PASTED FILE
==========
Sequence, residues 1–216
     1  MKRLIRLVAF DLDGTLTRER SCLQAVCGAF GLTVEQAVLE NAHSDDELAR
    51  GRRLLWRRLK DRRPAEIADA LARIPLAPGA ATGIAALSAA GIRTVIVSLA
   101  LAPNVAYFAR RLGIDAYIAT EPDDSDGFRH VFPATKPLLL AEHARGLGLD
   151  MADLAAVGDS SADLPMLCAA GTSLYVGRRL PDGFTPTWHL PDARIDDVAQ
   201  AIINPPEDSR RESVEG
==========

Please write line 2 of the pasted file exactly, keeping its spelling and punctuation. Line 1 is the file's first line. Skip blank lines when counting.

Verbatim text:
     1  MKRLIRLVAF DLDGTLTRER SCLQAVCGAF GLTVEQAVLE NAHSDDELAR